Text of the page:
Critical Intel Flaws Fixed in Active Management Technology

intel security

Two critical flaws in Intel AMT, which could enable privilege escalation, were patched along with 20 other bugs in its June security update.

Intel has released its June security updates, which address two critical vulnerabilities that, if exploited, can give unauthenticated attackers elevated privileges.

The critical flaws exist in Intel’s Active Management Technology (AMT), which is used for remote out-of-band management of personal computers.

The two critical flaws (CVE-2020-0594 and CVE-2020-0595) exist in the IPv6 subsystem of AMT (and Intel’s Standard Manageability solution, which has a similar function as AMT). The flaws could potentially enable an unauthenticated user to gain elevated privileges via network access. AMT versions before 11.8.77, 11.12.77, 11.22.77 and 12.0.64 are affected.

CVE-2020-0594 is an out-of-bounds read flaw while CVE-2020-0595 is a use-after-free vulnerability. Both flaws ranks 9.8 out of 10.0 on the CVSS scale, making them critical.

A high-severity privilege escalation flaw, existing in the Intel Innovation Engine, was also patched. Innovation Engine is an embedded core in the Peripheral Controller Hub (PCH), that is a dedicated subsystem that system vendors can use to customize their firmware.

The flaw (CVE-2020-8675) stems from insufficient control flow management in the Innovation Engine’s firmware build and signing tool, before version 1.0.859, may allow an unauthenticated user to potentially enable escalation of privilege via physical access.

A flaw was also fixed in Intel’s Solid State Drive (SSD) products, which allow information disclosure. The flaw (CVE-2020-0527) stems from insufficient control flow management in firmware for some Intel Data Center SSDs (a list of affected products can be found here).

The flaw “may allow a privileged user to potentially enable information disclosure via local access,” according to Intel.

Intel also fixed flaws in the BIOS firmware for some Intel Processors, which may enable escalation of privilege or denial of service (DoS). That includes a high-severity flaw (CVE-2020-0528) stemming from Improper buffer restrictions in the BIOS firmware for 7th, 8th, 9th and 10th Generation Intel Core processor families. In order to exploit this flaw, an attacker would need to be authenticated (for privilege escalation) and have local access (for DoS).

“Intel recommends that users update to the latest firmware version provided by the system manufacturer that addresses this issue,” according to the chip giant’s advisory.

Intel also fixed an array of high-severity flaws (including CVE-2020-0586, CVE-2020-0542,  CVE-2020-0596,CVE-2020-0538, CVE-2020-0534, CVE-2020-0533, CVE-2020-0566 and CVE-2020-0532)across its Converged Security and Manageability Engine (CSME), Server Platform Services (SPS), Trusted Execution Engine (TXE) and Dynamic Application Loader (DAL) products.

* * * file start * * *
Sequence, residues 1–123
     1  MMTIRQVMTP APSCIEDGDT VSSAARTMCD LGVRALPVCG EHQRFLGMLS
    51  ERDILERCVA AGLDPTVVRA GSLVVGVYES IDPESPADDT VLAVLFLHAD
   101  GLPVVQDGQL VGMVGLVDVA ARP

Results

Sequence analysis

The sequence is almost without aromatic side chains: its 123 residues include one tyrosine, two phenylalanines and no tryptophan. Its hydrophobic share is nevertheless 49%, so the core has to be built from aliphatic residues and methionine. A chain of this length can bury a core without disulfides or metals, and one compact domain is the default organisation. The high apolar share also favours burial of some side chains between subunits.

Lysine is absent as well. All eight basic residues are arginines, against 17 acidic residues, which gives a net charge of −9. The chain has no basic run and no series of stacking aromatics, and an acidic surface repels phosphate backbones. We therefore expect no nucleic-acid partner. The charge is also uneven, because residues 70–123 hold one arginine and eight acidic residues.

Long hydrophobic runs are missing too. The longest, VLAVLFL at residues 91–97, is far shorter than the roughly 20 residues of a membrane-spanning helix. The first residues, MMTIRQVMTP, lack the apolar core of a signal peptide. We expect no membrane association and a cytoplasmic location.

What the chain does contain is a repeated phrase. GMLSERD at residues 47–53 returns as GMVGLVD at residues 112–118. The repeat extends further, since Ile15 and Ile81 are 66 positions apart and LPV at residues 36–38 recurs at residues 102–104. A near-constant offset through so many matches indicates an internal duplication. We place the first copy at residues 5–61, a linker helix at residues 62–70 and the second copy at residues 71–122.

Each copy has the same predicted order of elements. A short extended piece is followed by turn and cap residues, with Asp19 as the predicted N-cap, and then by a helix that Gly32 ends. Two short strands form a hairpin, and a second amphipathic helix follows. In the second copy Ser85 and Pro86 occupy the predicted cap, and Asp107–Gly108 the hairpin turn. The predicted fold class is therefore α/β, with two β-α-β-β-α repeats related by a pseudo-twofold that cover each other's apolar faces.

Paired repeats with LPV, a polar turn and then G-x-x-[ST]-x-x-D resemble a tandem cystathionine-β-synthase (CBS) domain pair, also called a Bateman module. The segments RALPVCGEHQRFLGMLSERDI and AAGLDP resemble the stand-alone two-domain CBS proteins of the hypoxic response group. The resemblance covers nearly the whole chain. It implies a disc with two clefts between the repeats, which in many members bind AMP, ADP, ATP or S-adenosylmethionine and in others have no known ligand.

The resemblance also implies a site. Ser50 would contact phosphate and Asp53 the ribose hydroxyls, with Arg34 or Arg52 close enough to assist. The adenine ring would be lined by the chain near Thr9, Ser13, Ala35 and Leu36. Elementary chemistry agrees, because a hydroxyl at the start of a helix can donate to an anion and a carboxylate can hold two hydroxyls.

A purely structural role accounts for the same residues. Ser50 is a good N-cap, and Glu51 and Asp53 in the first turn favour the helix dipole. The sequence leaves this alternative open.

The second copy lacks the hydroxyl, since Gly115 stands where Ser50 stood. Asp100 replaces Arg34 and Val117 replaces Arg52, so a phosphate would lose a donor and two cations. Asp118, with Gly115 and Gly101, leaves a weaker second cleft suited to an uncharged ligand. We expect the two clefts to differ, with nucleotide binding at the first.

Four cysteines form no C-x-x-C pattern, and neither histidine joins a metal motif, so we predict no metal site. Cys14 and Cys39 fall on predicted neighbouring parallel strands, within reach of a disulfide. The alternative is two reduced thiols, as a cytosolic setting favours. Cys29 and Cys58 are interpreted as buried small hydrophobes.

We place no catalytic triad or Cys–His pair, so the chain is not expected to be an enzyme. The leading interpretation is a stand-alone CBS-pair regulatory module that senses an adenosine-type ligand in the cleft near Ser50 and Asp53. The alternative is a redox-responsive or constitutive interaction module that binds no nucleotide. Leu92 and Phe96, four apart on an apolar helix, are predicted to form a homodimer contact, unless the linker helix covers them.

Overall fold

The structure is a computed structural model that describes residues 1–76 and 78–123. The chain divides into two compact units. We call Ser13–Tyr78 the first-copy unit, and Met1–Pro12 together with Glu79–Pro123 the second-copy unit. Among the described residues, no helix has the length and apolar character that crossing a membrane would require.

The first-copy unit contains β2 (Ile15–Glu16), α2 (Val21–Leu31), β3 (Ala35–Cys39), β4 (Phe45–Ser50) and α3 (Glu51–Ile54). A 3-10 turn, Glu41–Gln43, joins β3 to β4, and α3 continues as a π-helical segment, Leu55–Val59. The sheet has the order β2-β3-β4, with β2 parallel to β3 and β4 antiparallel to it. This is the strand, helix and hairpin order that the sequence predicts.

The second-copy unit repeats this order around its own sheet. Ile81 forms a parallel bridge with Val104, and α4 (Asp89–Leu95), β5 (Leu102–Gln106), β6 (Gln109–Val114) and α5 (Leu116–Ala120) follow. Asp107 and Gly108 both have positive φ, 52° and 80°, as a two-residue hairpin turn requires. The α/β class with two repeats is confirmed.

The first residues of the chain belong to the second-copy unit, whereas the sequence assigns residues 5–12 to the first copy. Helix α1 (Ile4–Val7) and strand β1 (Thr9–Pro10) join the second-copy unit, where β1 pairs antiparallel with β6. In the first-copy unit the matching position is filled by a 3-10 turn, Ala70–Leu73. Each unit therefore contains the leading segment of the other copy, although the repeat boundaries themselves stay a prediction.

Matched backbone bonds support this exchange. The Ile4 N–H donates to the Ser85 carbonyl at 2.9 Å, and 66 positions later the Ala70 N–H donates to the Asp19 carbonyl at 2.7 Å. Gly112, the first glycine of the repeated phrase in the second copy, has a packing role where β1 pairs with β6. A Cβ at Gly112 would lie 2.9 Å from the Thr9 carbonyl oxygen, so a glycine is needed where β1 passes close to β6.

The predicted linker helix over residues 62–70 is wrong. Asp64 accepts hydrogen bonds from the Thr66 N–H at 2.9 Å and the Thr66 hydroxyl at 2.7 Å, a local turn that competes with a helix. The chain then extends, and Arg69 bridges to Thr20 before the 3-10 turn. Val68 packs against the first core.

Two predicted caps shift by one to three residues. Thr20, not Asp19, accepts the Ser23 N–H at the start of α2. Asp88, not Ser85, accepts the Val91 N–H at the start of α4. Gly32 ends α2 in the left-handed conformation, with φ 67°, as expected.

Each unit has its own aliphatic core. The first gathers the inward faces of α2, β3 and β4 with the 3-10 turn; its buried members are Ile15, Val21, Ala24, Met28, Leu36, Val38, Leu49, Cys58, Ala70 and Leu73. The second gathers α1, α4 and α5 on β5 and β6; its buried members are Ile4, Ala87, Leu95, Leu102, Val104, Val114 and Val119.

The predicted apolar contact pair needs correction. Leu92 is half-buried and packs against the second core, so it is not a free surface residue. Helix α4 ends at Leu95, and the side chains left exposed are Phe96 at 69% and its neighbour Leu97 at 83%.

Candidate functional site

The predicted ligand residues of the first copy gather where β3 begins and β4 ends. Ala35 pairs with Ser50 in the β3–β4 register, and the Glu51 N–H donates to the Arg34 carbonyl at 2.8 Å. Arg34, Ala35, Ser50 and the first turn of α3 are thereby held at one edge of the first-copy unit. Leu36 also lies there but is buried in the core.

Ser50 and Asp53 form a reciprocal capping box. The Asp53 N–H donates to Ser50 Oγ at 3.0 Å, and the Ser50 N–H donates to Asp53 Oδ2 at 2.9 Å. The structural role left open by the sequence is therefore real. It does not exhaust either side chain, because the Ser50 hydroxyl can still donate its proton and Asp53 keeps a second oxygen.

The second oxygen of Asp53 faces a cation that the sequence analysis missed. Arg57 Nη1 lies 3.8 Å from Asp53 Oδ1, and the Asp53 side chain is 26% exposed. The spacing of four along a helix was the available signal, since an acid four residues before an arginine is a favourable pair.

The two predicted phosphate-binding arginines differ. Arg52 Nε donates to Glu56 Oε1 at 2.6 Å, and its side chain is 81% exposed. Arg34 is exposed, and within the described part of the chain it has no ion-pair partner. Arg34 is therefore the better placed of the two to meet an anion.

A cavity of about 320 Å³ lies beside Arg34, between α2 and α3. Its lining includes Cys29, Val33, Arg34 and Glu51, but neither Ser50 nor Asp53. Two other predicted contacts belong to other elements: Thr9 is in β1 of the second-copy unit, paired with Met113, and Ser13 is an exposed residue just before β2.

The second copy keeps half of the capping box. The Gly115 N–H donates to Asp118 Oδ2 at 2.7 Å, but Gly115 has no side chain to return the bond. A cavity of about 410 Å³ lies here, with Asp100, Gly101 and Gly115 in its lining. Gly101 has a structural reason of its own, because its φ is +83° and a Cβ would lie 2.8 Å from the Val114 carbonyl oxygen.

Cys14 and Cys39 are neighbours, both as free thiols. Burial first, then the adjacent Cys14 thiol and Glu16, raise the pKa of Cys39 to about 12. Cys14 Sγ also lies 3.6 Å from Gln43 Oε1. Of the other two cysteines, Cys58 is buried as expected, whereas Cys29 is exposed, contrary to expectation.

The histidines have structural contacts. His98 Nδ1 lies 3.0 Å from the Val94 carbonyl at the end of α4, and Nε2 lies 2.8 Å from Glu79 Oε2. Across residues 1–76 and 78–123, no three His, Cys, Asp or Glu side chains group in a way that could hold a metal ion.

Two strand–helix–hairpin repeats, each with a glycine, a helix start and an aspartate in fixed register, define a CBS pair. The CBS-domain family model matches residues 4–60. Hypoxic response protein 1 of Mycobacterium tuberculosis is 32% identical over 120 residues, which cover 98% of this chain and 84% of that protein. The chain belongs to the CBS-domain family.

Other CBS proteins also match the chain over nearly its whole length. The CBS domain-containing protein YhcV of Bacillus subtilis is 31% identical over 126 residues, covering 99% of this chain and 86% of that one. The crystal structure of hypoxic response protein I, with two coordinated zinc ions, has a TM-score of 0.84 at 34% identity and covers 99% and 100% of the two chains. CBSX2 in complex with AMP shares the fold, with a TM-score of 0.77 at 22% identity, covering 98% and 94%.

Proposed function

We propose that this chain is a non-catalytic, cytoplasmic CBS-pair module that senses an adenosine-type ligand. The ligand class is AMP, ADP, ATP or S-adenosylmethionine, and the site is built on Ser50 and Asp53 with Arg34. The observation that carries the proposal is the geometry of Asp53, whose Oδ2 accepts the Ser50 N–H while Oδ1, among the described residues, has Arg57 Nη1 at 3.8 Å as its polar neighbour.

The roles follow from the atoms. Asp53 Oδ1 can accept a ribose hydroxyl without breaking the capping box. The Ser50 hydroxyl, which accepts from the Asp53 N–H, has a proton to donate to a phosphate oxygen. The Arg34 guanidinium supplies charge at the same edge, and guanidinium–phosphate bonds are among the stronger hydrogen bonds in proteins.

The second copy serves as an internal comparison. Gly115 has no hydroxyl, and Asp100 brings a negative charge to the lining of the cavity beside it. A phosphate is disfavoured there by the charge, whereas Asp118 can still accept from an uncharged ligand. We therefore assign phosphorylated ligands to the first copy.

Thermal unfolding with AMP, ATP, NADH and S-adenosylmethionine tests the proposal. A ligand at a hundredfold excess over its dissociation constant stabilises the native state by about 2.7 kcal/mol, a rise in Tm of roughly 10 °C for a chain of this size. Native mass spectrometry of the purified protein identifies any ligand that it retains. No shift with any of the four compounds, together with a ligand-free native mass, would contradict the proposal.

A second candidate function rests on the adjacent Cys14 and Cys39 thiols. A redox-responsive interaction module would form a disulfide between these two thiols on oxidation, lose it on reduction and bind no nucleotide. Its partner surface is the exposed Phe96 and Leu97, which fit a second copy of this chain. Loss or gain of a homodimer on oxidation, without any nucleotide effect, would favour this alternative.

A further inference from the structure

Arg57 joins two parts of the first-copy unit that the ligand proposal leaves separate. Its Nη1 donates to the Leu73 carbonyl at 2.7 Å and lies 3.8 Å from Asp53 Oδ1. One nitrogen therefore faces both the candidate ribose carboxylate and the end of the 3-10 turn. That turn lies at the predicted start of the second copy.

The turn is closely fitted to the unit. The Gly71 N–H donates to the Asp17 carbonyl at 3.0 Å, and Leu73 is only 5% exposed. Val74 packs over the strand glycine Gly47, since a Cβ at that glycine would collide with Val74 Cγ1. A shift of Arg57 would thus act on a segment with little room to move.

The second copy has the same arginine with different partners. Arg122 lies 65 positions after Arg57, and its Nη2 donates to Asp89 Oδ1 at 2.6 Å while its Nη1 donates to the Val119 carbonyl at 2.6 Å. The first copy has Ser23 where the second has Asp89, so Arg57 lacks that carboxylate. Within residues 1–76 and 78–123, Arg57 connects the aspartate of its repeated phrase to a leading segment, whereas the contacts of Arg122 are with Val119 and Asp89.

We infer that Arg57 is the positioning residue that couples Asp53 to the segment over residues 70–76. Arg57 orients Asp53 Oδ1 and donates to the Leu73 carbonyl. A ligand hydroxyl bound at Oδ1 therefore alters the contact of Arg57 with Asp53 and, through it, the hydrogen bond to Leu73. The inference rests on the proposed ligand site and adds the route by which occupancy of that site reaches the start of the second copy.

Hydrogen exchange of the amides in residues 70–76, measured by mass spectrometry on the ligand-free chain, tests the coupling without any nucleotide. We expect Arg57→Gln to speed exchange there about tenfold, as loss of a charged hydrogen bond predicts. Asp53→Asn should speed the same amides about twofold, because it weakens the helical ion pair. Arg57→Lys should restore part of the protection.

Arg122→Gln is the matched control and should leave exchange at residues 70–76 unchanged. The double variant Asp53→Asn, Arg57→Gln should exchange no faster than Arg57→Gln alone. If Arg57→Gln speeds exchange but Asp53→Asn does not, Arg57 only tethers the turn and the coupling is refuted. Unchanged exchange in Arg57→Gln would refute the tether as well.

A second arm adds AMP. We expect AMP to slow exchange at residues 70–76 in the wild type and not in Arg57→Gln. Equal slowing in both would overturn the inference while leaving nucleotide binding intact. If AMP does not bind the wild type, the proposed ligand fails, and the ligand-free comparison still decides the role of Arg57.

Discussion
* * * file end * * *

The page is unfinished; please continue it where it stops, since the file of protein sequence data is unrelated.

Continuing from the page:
CrossTalk Flaw

One medium-severity flaw disclosed Tuesday by Intel (CVE-2020-0543) was called “CrossTalk” by security researchers who revealed technical details of the vulnerability. The flaw is related to a new class of  flaws uncovered in 2019, called Microarchitectural Data Sampling (MDS), which utilize side channel attacks to siphon data from impacted systems. The flaw could enable an attacker with local access to run code that can  obtain data from an app running on a different CPU core (different than the CPU code that’s running the attacker’s code).

“Until now, all the attacks assumed that attacker and victim were sharing the same core, so that placing mutually untrusting code on different cores would thwart such attacks,” researchers said in a Tuesday post. “Instead, we present a new transient execution vulnerability, which Intel refers to as “Special Register Buffer Data Sampling” or SRBDS (CVE-2020-0543), enabling attacker-controlled code executing on one CPU core to leak sensitive data from victim software executing on a different core.”

The flaw scores 6.5 out of 10.0 on the CVSS scale, making it medium-severity. It comes with caveats – an attacker could need to be authenticated and have local access to the user’s device. However, CrossTalk does impact over 50 Intel mobile, desktop, server and workstation processors (a list of which can be found here).

Intel implemented a mitigation for CrossTalk in a microcode update distributed to software vendors, which locks the entire memory bus before updating the staging buffer and only unlocks it after clearing its content –ensuring no information is exposed to off-core requests issued from other CPU cores.

Overall, in its June security update Intel fixed flaws tied to 22 CVEs. Of note, Intel did not release any fixes for flaws in May. In April, Intel patched high-severity flaws in its Next Unit Computing (NUC) mini PC firmware, and in its Modular Server MFS2600KISPP Compute Module.

Alyssa Milburn, Hany Ragab, Kaveh Razavi, Herbert Bos, Cristiano Giuffrida from the VUSec group at VU Amsterdam were credited with reporting the flaw.

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